Approximating 1-Wasserstein Distance with Trees

Published: 18 Sept 2022, Last Modified: 28 Feb 2023Accepted by TMLREveryoneRevisionsBibTeX
Abstract: The Wasserstein distance, which measures the discrepancy between distributions, shows efficacy in various types of natural language processing and computer vision applications. One of the challenges in estimating the Wasserstein distance is that it is computationally expensive and does not scale well for many distribution-comparison tasks. In this study, we aim to approximate the 1-Wasserstein distance by the tree-Wasserstein distance (TWD), where the TWD is a 1-Wasserstein distance with tree-based embedding that can be computed in linear time with respect to the number of nodes on a tree. More specifically, we propose a simple yet efficient L1-regularized approach for learning the weights of edges in a tree. To this end, we first demonstrate that the 1-Wasserstein approximation problem can be formulated as a distance approximation problem using the shortest path distance on a tree. We then show that the shortest path distance can be represented by a linear model and formulated as a Lasso-based regression problem. Owing to the convex formulation, we can efficiently obtain a globally optimal solution. We also propose a tree-sliced variant of these methods. Through experiments, we demonstrate that the TWD can accurately approximate the original 1-Wasserstein distance by using the weight estimation technique. Our code can be found in the GitHub repository.
Submission Length: Regular submission (no more than 12 pages of main content)
Changes Since Last Submission: Dear Action Editor, Thank you again for handling our paper. We are pleased about the decision. Based on the comments, we have updated the paper. > discuss the time complexity of all sub-routines. Stating that FISTA has an "efficient solver" is not clear. We added the explanation of FISTA and added the computational complexity of FISTA as follows. For weight estimation, we employed the fast iterative shrinkage thresholding algorithm (FISTA) \citep{beck2009fast}, which is the ISTA with Nesterov's accelerated gradient descent \citep{nesterov1983method}. FISTA converges to the optimal value as $O(1/k^2)$, where $k$ is the number of the iteration. For example, the dominant computation of FISTA on the Lasso problem $||\mathbf{y} - \mathbf{A}\mathbf{w}||_2^2 + \lambda ||\mathbf{w}||_1$ is the matrix-vector multiplication of $\mathbf{A}$ and $\mathbf{A}^\top$. In our case, the size of $\mathbf{A}$ is $|\Omega| \times N$, which includes $|\Omega|N$ multiplications and summations for each iteration. In practice, the computational cost of matrix-vector multiplication is small. > discuss the space complexity of the method and its competitors (e.g. Sinkhorn). We added the space complexity of the Sinkhorn algorithm. Moreover, we added the space complexity of the proposed method if we use the sparse matrix for storing the B matrix. For the Sinkhorn algorithm, it needs to store the $N_\text{leaf} \times N_\text{leaf}$ dimensional cost matrix. Tree methods need to store the $N \times N_\text{leaf}$ matrix, where $N$ ($N > N_\text{leaf}$) is the number of entire nodes. Thus, if we store the matrices in a dense format, the required memory size of the tree method is slightly larger than that of the Sinkhorn algorithm. For a sparse matrix, with ClusterTree, the sizes of $\mathbf{B}$ for the Twitter, BBCsport, and Amazon datasets are 94.4 KB, 226.2KB, and 681.1KB, respectively. > report error bars for metrics in Table 1 and 2 We added the standard deviation. During the revision, we found some values in Table 2 in the original manuscript were incorrect (Due to the mistake of copying the experiment results). So, we corrected some numbers in Table 2 (Table 4 in the camera-ready version). For example, QuadTree for Twitter data has been updated to 0.701 from 0.691, and the WMD (Sinkhorn) of the Amazon dataset is updated to 0.903 from 0.905. The conclusion does not change with the modification. However, since this is related to the modification of numbers in a table, we would appreciate it if the Action Editor checks the results. > increase font sizes of axis labels in plots (e.g. Fig3) We enlarged the font size of the figures. > draw tables without vertical bars and boxes (one can use the booktabspackage, see eg, [1]) Thank you for the information about booktabs. We updated all the tables with the booktabs package. In addition to the above modifications, we made the following edits. - We went through the paper again and updated the English. - We prepared the source code in the GitHub repository.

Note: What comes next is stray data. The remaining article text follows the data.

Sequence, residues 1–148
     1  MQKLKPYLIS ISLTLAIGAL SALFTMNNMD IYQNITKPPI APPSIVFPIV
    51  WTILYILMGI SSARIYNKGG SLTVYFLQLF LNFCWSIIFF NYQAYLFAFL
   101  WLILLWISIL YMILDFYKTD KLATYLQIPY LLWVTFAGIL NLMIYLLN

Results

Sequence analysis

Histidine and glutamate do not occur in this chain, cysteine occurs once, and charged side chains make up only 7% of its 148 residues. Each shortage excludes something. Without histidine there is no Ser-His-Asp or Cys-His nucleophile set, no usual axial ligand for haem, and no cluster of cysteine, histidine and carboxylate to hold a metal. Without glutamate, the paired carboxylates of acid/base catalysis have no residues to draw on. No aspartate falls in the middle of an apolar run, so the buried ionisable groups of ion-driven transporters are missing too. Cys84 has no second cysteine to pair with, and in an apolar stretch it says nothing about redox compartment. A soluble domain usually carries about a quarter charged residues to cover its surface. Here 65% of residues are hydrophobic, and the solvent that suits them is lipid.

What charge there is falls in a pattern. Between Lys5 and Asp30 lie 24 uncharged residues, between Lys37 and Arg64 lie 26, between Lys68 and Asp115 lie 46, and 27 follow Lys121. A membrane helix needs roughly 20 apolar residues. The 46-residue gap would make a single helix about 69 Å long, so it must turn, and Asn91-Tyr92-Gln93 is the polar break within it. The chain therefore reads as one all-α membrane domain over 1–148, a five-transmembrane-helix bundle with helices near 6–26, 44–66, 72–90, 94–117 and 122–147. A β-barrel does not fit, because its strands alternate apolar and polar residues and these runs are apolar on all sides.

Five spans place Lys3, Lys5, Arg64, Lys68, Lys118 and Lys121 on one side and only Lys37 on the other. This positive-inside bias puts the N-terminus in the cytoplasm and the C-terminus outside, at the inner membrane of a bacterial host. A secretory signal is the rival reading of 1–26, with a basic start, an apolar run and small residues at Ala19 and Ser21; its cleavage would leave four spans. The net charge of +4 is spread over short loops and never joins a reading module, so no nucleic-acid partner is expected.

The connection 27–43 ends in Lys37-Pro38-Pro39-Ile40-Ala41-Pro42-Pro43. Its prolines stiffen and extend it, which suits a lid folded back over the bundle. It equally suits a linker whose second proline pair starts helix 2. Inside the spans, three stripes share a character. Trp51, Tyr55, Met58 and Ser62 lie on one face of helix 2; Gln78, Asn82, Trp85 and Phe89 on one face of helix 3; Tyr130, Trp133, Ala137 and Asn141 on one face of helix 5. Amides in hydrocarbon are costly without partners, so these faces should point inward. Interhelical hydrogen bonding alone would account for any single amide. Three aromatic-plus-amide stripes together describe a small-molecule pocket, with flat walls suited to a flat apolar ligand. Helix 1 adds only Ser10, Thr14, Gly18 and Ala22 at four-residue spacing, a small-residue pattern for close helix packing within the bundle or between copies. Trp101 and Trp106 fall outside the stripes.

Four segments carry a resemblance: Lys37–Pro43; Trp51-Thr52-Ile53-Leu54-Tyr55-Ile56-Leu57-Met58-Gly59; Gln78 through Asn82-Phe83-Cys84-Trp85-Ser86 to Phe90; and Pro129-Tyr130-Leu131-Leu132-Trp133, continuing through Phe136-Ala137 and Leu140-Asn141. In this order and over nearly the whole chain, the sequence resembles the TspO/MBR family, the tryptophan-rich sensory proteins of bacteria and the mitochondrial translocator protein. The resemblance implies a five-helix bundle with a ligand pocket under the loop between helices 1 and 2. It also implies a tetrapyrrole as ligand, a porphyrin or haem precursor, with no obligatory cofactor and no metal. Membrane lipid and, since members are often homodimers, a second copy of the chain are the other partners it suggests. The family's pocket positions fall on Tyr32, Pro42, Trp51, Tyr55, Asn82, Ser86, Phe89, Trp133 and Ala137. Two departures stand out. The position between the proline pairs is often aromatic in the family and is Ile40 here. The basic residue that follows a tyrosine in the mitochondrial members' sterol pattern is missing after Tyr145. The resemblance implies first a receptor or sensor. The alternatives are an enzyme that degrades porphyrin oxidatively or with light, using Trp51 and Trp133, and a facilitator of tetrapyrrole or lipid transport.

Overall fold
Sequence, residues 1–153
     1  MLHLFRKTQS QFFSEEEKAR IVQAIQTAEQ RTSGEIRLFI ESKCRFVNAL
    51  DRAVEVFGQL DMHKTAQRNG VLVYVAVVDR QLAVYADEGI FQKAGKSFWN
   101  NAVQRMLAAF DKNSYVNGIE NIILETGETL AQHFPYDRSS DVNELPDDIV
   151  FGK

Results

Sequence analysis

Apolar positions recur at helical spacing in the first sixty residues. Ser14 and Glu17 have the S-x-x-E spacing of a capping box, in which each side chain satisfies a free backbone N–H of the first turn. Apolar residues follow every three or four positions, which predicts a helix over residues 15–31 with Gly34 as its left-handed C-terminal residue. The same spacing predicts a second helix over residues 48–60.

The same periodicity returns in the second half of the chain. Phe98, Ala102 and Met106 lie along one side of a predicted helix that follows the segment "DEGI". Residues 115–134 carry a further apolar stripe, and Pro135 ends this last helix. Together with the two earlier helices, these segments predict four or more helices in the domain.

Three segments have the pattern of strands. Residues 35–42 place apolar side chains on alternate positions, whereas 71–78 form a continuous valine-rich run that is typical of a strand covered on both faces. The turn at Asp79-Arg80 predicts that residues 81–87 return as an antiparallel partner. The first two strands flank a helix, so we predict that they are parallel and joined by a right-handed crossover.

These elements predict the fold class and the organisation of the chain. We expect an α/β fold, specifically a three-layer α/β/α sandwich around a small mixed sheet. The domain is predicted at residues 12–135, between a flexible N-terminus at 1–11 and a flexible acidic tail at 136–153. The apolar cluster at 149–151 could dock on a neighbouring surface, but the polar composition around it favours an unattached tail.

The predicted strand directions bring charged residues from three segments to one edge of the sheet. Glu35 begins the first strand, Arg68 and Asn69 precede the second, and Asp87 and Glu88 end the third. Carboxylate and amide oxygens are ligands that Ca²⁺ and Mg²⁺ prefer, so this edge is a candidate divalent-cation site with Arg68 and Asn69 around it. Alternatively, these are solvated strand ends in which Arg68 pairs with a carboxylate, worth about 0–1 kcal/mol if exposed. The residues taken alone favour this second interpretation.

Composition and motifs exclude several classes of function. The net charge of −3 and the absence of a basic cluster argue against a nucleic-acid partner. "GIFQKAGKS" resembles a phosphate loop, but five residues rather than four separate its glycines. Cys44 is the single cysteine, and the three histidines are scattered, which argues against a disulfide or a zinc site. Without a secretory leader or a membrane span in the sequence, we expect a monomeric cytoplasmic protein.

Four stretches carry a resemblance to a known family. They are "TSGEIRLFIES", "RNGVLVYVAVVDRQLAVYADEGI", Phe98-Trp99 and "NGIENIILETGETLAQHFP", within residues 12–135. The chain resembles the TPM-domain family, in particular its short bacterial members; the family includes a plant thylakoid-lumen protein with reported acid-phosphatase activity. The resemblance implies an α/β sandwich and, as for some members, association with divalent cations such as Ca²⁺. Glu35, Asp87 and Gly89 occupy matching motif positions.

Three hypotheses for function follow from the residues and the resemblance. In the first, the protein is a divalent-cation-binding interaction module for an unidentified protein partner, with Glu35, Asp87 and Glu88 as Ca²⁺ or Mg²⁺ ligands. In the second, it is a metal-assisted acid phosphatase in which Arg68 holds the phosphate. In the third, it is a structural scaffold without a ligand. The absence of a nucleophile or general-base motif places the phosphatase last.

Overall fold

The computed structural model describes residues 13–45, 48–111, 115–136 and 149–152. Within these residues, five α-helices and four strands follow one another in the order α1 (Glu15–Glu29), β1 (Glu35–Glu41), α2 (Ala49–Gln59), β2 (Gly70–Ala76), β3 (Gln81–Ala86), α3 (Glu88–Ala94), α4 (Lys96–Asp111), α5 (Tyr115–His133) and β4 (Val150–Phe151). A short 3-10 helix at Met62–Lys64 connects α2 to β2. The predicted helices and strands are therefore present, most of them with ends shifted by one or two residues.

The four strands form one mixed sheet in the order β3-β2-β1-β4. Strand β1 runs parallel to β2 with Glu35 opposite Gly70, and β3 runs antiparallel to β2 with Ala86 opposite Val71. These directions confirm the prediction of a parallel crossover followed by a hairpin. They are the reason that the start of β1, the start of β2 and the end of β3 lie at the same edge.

Assigned Action Editor: ~antonio_vergari2
License: Creative Commons Attribution 4.0 International (CC BY 4.0)
Submission Number: 207